It is true that Chinese policies and behaviour over claims in the South China Sea have become an even more fraught issue for the region since Abe first came in to power. But what else explains the Japanese shift in strategic focus toward Southeast Asia?
One partial explanation seems to be that Abe has learnt lessons from his first time as prime minister. In particular, the 2007 Quadrilateral Initiative encompassing Japan, the U.S., India and Australia received a cool reception from major Southeast Asian states. Unintentionally, the Quad created the perception that Abe was seeking to bypass or else supersede ASEAN centrality in multilateral discussions of regional strategic issues; or worse, encourage America to prioritise such groupings over ASEAN-backed institutions. In this sense, Abe realised that if Japan wants a greater strategic role in the region, it needs to garner the support of states that are situated in what his government recognises as the overwhelmingly important strategic gateway between the Indian and Pacific Oceans.
Additionally, it seems that Abe’s strategic objectives and reading of the region has become significantly more profound and nuanced during his second time as leader. Whereas Abe Mark I and Mark II are both wary of increasing Chinese power, the Mark II version is emphasising Japan’s desire to play a more proactive role in upholding and protecting the regional order – and not in containing Chinese power per se. After all, it is not China’s rise in and of itself that is of concern to Japan and other countries in East Asia but how China will choose to wield its enhanced power. While it is true that upholding regional order includes measures to balance against growing Chinese power so as to provide effective constraints and costs against disruptive Chinese behaviour, the focus on order more generally is a far more palatable message for Abe to sell when promoting Japan’s desire to play a more ‘proactive’ strategic role.
When it comes to building support for a more proactive Japan in Southeast Asia, enhancing legitimacy necessarily includes approval both from a large number of individual states in Southeast Asia, and ASEAN. With respect to the latter, Abe explicitly linked Japan’s desire to play a more proactive role in Southeast Asia with Japan-ASEAN initiatives to deepen institutional and operational cooperation to enhance the capacities of Southeast Asian states to promote maritime security and safety for the explicit purpose of regional ‘peace’, ‘stability’ and ‘order’.12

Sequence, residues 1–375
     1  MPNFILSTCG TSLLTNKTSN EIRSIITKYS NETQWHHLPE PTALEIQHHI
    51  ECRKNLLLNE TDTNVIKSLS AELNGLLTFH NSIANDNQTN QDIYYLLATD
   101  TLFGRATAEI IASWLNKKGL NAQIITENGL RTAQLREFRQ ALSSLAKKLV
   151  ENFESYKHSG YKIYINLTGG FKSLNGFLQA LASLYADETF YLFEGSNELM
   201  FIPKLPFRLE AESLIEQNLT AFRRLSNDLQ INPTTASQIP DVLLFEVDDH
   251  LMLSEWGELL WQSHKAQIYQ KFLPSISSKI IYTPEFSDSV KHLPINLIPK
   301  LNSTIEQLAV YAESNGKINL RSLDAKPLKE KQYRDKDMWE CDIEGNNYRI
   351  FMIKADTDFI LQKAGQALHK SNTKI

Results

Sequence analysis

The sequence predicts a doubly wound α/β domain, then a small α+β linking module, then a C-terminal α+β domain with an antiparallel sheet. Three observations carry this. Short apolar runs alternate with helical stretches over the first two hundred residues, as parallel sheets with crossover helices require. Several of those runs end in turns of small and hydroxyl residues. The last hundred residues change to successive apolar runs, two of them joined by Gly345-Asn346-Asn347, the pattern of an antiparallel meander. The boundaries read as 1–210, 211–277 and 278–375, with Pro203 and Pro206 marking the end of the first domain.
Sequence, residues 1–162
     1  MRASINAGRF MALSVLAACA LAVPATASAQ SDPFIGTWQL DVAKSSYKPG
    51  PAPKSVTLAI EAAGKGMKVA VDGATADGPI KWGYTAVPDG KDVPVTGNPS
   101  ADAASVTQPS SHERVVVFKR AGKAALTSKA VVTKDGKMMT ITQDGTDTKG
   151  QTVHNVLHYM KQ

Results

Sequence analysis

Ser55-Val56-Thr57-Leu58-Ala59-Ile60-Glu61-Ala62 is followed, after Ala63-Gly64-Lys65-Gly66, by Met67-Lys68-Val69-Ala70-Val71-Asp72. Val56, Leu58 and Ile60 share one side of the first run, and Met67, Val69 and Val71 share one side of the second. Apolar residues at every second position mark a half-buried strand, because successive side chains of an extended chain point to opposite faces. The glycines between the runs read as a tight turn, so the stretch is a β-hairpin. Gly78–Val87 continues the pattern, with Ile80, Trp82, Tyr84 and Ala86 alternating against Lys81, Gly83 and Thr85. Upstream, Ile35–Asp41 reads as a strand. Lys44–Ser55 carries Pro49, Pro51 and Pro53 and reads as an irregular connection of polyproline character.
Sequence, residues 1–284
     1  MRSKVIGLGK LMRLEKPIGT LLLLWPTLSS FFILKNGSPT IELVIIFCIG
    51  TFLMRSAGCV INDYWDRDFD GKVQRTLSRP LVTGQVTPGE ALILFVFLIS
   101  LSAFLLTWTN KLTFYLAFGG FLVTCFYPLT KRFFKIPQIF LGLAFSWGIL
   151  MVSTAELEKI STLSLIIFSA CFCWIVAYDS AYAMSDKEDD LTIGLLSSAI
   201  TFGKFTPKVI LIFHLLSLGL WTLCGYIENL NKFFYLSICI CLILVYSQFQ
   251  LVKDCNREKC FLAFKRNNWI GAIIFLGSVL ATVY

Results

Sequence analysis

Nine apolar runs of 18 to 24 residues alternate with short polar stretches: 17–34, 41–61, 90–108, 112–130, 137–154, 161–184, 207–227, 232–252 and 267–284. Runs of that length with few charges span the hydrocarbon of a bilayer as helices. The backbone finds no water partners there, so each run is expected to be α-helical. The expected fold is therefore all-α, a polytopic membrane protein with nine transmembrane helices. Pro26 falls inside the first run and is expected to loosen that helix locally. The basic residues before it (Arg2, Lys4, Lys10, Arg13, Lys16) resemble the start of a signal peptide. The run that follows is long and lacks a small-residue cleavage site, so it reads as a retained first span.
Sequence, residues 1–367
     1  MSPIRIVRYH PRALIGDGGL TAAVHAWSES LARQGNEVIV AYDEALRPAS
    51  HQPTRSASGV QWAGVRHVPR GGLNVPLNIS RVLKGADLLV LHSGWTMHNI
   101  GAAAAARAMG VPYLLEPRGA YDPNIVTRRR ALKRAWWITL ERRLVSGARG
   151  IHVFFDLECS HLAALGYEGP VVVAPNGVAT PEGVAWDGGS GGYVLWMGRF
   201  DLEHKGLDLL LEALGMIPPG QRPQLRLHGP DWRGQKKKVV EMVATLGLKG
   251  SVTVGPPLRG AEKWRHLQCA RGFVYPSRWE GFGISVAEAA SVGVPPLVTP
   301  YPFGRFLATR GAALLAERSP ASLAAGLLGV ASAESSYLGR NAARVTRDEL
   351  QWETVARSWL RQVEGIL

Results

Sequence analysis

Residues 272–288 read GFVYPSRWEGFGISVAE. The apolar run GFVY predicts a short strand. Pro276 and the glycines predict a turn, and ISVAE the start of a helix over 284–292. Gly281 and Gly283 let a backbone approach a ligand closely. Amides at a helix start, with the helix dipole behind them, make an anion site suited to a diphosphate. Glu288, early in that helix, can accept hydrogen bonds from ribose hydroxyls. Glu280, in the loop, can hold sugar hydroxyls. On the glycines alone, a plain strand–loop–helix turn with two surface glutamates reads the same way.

Furthermore, Japanese moves to help enhance the maritime (including naval) capabilities of states like the Philippines, Vietnam and Indonesia help meet existing and growing demand emanating from within Southeast Asia for states to acquire greater domestic capacity to resist coercive behaviour by great powers over maritime claims and disputes. Southeast Asian states are already engaged in a number of ‘hard’ and ‘soft’ balancing approaches vis-à-vis China.13 By putting Japanese assistance to Southeast Asian states in the context of strengthening regional capacity to uphold existing order – rather than as a mere hard- balancing ‘containment’ mechanism against a rising China – there is enhanced and widespread acquiescence for a greater Japanese strategic role generally, and for Japanese assistance to these Southeast Asian claimant states specifically.
Finally, Japan may be hoping that its preparedness to strategically counter and criticise Chinese coercive and assertive behaviour over maritime claims in the South China Sea might eventually encourage Southeast Asian states to offer more explicit criticism of similar Chinese coercive and provocative behaviour in and around the disputed Senkaku/Diaoyu Islands in the East China Sea. Tokyo may hope that, although involving a different set of claims and legal issues in two different Seas, highlighting any Chinese behaviour considered contrary to adherence to a rules-based order may become a collective endeavour – which can only work in Tokyo’s interest.
JAPANESE STRATEGIC ROLE IN SOUTHEAST ASIS: POSSIBILITIES AND LIMITATIONS
(a) Military involvement in Southeast Asian conflicts
In early February this year, Japanese Defence Minister Gen Nakatano stated that Japan might one day consider contributing to America-led naval patrols in the South China Sea since “the interdependence of nations is increasing and deepening, and the situation in the South China Sea affects our national security.”14 Comments such as these and others have led to some speculation that under the cover of Abe’s ‘proactive contribution to peace and security’ and specific actions such as the government’s reinterpretation of the Constitution to allow ‘collective security’, the Japanese SDFs will be used to join conflicts in Southeast Asia.
Such expectations ought to be tempered and wound back. There is widespread misunderstanding (or misreporting) of the implications of Abe’s constitutional reinterpretation to allow ‘collective self-defence’. While the reinterpretation now widens the options that may allow Japan to render military assistance to America – reflected in the recently revised U.S.-Japan Defence Guidelines – such a right of collective self-defence only comes into play when the following restrictive conditions are all met:15